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Turkey would be really popular in Tokyo. If everyone had ovens. I love turkey and I knew my friends in Tokyo could appreciate an American icon that doesn’t just come to a theater near you, but comes straight to your dining table. Dinner parties are very rare in Tokyo because space is limited in homes. With so many options to eat out and stellar service, it is understandable that dining out makes more economical and practical sense than hosting at home.

Nevertheless, I was determined to make Thanksgiving in Tokyo happen in February.

So here’s how I did it:

1) Secure a staging area.
The best candidates for providing a staging area are super-domesticated couples in their 20s or 30s. Single people do not own ovens in Tokyo and older generations tend not to buy trendy, western appliances such as ovens. My victims were my friends who got married two years ago and just bought a two-bedroom home in a quiet area in western Tokyo.

2) Buy a turkey.
The most reliable supermarket to purchase a turkey in Tokyo is Nissin World Delicatessen located in Higashi-Azabu (ex-pat teritory). They regularly stock 30 or so turkeys imported from the U.S., even in a random month such as February. Plus, Arnold’s been there!

3) Contact Yamahomo.
I have been an avid fan of Yamahomo’s turkey extravaganza posts. If there is anyone in the world I would trust for turkey tips, it would be him. He replied with full enthusiasm, emphasizing the following: brine and baste. He also suggested “Veggies on the bottom of the pan produce enough liquid and after a couple of bastings, I will definitely baste using the juice that collects on the bottom.”

4) Work with the local food culture.
I knew I wanted to make a traditional Thanksgiving-style turkey, so it was brined and seasoned with herbs such as sage, thyme and rosemary. For the taters, I used my tried-and-true roasted garlic mashed potato recipe from my mother. But I was still unsure about the stuffing. I knew that Japanese people might not be crazy about stuffing with dried fruit or nuts, so I did a search for different types of stuffing. Being in Japan, I knew that I would earn points for incorporating at least one thing that was aquatic into the menu. After a few searches, it was official, I would make Oyster Stuffing. With oysters still in season in Japan, supermarkets regularly stock at least three types of raw-grade oysters. Score!

With all my recipes in order, I was ready to go.

Oyster Stuffing:

5) Buy ingredients for the fix-ins.
Ingredients for the mashed potatoes, turkey baste, turkey seasonings and stuffing are readily available at any supermarket in Tokyo. Therefore, shopping for these ingredients can be done with relative ease. However, it is challenging to find cranberries, so I opted to buy canned cranberry sauce (which is also hard to find, but doable). Seijo Ishii is a chain of supermarkets that sells a good selection of international foods, located at many major train stations in Tokyo (including, Shibuya, Shinjuku, and Ebisu). Canned S&W brand cranberry sauce was well-stocked at Seijo Ishii.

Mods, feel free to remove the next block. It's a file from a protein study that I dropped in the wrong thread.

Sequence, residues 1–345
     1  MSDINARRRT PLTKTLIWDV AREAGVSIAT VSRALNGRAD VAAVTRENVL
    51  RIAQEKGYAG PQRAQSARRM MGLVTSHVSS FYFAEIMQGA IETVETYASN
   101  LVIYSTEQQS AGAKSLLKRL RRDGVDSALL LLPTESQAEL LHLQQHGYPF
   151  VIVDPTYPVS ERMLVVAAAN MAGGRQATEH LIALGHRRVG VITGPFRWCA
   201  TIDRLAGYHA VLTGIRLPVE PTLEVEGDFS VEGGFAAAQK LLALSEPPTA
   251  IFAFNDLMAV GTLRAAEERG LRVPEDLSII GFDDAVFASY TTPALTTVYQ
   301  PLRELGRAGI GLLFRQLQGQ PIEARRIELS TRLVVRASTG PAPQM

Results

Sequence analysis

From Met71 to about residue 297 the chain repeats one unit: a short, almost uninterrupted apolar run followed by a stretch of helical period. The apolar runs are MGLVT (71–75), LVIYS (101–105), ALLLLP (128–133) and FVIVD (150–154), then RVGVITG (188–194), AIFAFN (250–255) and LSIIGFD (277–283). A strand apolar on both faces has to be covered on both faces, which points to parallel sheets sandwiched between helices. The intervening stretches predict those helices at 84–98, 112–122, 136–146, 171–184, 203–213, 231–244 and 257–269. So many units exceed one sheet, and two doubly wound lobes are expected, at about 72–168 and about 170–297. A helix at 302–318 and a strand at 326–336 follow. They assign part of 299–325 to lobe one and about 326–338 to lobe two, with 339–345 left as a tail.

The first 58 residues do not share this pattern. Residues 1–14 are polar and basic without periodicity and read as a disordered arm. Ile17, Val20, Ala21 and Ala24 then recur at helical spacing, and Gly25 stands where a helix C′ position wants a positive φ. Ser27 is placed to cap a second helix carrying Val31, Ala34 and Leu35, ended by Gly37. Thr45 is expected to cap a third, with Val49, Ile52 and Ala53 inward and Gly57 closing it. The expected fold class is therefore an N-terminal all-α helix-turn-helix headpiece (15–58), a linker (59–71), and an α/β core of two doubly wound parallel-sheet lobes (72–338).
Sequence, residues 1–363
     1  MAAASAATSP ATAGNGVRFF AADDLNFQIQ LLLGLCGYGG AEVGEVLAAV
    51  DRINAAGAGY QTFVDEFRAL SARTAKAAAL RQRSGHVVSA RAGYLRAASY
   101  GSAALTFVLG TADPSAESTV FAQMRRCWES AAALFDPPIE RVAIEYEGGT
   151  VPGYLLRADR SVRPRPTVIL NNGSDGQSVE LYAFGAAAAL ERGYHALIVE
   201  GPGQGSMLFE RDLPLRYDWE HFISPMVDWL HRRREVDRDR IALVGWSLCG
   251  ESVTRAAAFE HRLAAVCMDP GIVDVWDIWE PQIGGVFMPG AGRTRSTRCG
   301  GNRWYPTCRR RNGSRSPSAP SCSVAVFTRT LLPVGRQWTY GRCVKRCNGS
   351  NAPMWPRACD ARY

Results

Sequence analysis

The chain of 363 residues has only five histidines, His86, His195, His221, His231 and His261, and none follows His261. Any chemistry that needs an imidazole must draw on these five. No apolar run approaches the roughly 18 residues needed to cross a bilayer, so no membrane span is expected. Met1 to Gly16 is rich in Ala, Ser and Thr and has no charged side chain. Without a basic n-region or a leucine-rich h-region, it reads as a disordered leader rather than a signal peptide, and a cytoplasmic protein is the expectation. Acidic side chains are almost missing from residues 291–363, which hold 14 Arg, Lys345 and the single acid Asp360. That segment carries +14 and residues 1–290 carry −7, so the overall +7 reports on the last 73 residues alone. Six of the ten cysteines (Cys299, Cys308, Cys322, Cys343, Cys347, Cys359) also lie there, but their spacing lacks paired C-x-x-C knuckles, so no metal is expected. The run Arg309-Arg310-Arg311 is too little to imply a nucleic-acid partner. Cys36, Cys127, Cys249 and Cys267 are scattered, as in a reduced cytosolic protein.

I was now loaded with all my ammunition.

6) Make the turkey dinner.
I arrived at my friend’s home at 4:00 pm with a brined 10-pound turkey. I figured that it should take about two hours to roast the turkey. While the turkey was busy yummifying, I made the fix-ins. Guests started arriving around 6:00 pm and wine bottles were uncorked. At 6:30 pm, I took the turkey out of the oven and thanked the Yamahomo gods for blessing the bird. Tanned to perfection and glistening like Arnold’s arms, I was careful to hide it from view while it rested for 30 minutes. This hiding tactic was important, for eight-tenths of the partygoers were turkey virgins and needed to experience the full wow factor of a turkey debut.

7) Educate and feast.
A turkey on an American dining table is heart-warming. A turkey on a Japanese dining table is heart-stopping because of its sheer novelty. It was a proud moment for the host, as people gathered round in awe of this American icon. With all the fix-ins surrounding the turkey, I was asked how all of this was eaten. My reply, “Gravy on the potatoes, cranberry sauce on the turkey, stuffing on the side. Or, forget that and just be creative.”

Plated turkey dinner:

To-die-for tiramisu prepared by Kurosawa-san:

8) Watch it disappear.
Japanese people are amazing when it comes to eating a whole animal. No matter how big or complex, fish disappear completely, eyeballs and all. Yakitori places also serve each and every part of the chicken. This is quite satisfying in the case of a turkey feast because there were literally no left-overs. I had never seen such a clean sweep of a turkey in my life and could not even locate the wishbone in the end (much to my dismay).



So if you can fire up an oven in Tokyo, Thanksgiving is yours in eight easy steps!


  • That’s awesome! Which brings me to a bright idea: a UM feast. somehow that needs to happen.

    Paystyle on

  • Paystyle, OMG, totally a UM feast. I dream of the day. Think of the collective talents of UM coming together in one meal. I’d arrive in stretchy pants.

    Yamahomo – I really could not have done this without you. Yeah, can you believe how economical the guests were? It was like 3-4 Roombas going at it in the end.

    yoko on

  • I am so proud of you Yoko for perfecting the bird!! I cannot believe the last picture. Did they really eat EVERYTHING? Frugality of the Japanese is amazing. Your friend must have spent a whole day next day cleaning the oven..

    Yamahomo on

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